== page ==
act_questions
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act_questions


DisciplinaFundamentos da Economia15.231 materiais183.042 seguidores
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for a semester break. A letter in your local newspaper catches 
your attention. The letter is about a deduction in local property tax that can be claimed by 
a property owner if he or she has done anything to beautify his/her property. The property 
owner can deduct 50 per cent of any expenditure on things such as landscaping from 
his/her property taxes. For example, if your parents spent \u20ac2000 on landscaping their 
garden, they can reduce their tax bill by 0.50 x \u20ac2000 = \u20ac1000 so that the effective cost of 
the landscaping would be only \u20ac1000. The letter in the newspaper claims: "This an 
outrage. If someone wants to improve their house, it is no one's business but their own. I 
remember some of my college economics and I know that taxes and subsidies are always 
inefficient." 
 
1. What is the local government trying to subsidize with this tax break? 
 
2. What is the externality that this subsidy is trying to internalize?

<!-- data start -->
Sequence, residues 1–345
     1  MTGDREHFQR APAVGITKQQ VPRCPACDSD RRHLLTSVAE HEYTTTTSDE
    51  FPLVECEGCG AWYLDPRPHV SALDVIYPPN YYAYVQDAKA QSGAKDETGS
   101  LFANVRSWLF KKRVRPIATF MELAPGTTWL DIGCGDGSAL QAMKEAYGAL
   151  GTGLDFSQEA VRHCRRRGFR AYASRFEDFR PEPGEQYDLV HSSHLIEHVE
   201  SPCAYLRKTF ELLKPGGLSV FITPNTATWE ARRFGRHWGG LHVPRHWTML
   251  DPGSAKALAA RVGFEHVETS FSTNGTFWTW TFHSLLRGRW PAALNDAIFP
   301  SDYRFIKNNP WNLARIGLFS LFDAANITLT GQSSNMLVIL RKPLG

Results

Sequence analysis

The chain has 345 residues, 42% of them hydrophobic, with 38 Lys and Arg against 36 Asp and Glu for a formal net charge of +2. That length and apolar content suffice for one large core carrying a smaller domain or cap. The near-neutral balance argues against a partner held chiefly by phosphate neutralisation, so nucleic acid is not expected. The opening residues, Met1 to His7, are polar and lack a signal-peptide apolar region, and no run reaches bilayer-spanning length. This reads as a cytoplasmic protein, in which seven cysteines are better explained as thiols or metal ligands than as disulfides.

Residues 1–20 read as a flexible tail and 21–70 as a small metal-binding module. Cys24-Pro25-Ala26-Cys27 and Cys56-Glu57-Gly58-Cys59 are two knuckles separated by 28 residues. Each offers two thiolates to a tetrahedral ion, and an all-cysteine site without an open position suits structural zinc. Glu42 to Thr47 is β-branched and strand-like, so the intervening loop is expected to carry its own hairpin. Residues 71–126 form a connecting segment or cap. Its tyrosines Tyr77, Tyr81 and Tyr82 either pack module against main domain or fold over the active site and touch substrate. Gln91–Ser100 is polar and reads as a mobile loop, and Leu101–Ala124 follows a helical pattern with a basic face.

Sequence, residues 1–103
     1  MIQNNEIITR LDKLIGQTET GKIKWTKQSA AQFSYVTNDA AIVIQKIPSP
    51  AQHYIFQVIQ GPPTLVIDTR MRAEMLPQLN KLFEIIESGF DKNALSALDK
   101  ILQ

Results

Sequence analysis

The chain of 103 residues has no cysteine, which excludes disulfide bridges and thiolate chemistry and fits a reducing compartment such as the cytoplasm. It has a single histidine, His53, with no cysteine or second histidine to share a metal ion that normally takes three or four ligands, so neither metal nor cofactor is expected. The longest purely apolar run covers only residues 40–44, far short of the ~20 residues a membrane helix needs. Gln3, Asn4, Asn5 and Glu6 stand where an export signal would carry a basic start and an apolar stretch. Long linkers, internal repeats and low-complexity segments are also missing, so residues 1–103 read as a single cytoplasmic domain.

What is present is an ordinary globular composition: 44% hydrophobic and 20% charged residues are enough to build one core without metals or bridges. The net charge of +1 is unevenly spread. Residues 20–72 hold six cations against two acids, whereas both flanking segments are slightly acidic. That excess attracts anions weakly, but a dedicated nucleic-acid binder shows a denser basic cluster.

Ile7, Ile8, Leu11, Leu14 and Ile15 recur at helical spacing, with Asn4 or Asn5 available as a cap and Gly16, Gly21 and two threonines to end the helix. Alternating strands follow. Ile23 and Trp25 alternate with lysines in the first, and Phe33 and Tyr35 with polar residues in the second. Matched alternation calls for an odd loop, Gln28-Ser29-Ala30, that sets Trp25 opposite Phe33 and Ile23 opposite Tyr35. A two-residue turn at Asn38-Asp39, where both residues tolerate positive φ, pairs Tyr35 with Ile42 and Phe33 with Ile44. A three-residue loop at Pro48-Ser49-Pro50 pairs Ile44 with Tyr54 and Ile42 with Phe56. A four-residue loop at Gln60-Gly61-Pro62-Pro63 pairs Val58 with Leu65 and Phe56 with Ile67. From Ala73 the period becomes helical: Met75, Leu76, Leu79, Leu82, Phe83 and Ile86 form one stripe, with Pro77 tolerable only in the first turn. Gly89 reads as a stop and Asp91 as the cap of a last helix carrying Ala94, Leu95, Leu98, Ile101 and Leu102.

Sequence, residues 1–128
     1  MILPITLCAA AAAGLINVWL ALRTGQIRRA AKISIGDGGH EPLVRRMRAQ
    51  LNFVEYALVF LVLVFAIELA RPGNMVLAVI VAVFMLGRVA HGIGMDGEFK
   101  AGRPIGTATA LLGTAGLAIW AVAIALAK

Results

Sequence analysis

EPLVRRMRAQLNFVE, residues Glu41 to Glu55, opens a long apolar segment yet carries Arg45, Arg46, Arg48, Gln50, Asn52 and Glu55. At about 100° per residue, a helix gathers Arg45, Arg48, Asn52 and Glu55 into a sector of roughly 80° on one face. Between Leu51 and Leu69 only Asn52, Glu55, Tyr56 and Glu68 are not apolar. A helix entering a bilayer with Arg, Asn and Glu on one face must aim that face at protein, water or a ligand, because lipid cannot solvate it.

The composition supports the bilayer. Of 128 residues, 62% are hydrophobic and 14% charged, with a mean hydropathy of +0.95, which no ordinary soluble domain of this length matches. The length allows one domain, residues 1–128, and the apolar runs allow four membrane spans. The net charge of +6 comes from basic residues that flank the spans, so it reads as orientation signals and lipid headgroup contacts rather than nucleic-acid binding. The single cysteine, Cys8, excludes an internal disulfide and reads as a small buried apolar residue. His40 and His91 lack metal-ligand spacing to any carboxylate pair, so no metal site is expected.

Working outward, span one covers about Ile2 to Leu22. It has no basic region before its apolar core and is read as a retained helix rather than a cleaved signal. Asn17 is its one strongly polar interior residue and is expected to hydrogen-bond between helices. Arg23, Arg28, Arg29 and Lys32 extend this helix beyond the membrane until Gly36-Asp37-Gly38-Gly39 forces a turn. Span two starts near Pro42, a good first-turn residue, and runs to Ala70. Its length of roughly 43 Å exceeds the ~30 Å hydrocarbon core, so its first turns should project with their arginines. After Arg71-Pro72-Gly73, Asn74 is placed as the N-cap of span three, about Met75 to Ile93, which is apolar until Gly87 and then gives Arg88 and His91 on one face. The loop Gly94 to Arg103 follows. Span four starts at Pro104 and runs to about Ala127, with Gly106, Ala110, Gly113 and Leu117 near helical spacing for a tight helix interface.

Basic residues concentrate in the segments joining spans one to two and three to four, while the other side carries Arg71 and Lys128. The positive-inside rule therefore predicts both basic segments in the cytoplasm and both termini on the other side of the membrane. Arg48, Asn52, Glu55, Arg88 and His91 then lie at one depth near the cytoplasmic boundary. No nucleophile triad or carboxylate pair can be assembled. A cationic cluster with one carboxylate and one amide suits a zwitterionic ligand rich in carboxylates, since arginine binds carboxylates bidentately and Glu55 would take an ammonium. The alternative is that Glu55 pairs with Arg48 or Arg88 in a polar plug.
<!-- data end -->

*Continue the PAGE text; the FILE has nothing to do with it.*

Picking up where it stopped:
3. While taxes and subsidies usually create inefficiencies, are taxes and subsidies always 
inefficient? Why? 
 
Chapter 11 
 
Broadcast television and broadcast radio send out signals that can be received by an 
infinite number of receivers without reducing the quality of the reception of other 
consumers of the signal and it is not possible to charge any of the consumers of the 
signal. 
 
1. What type of good (private, public, common resource, produced by a natural monopoly) 
is a broadcast television or broadcast radio signal? Explain. 
2. Are goods of this type normally provided by private industry? Why? 
 
 
3. Private companies have been providing broadcast radio television and radio since the 
invention of the medium. How do they make it profitable if they cannot charge the recipient 
of the signal? 
 
4. What are the "recent" alternatives to traditional commercial television and commercial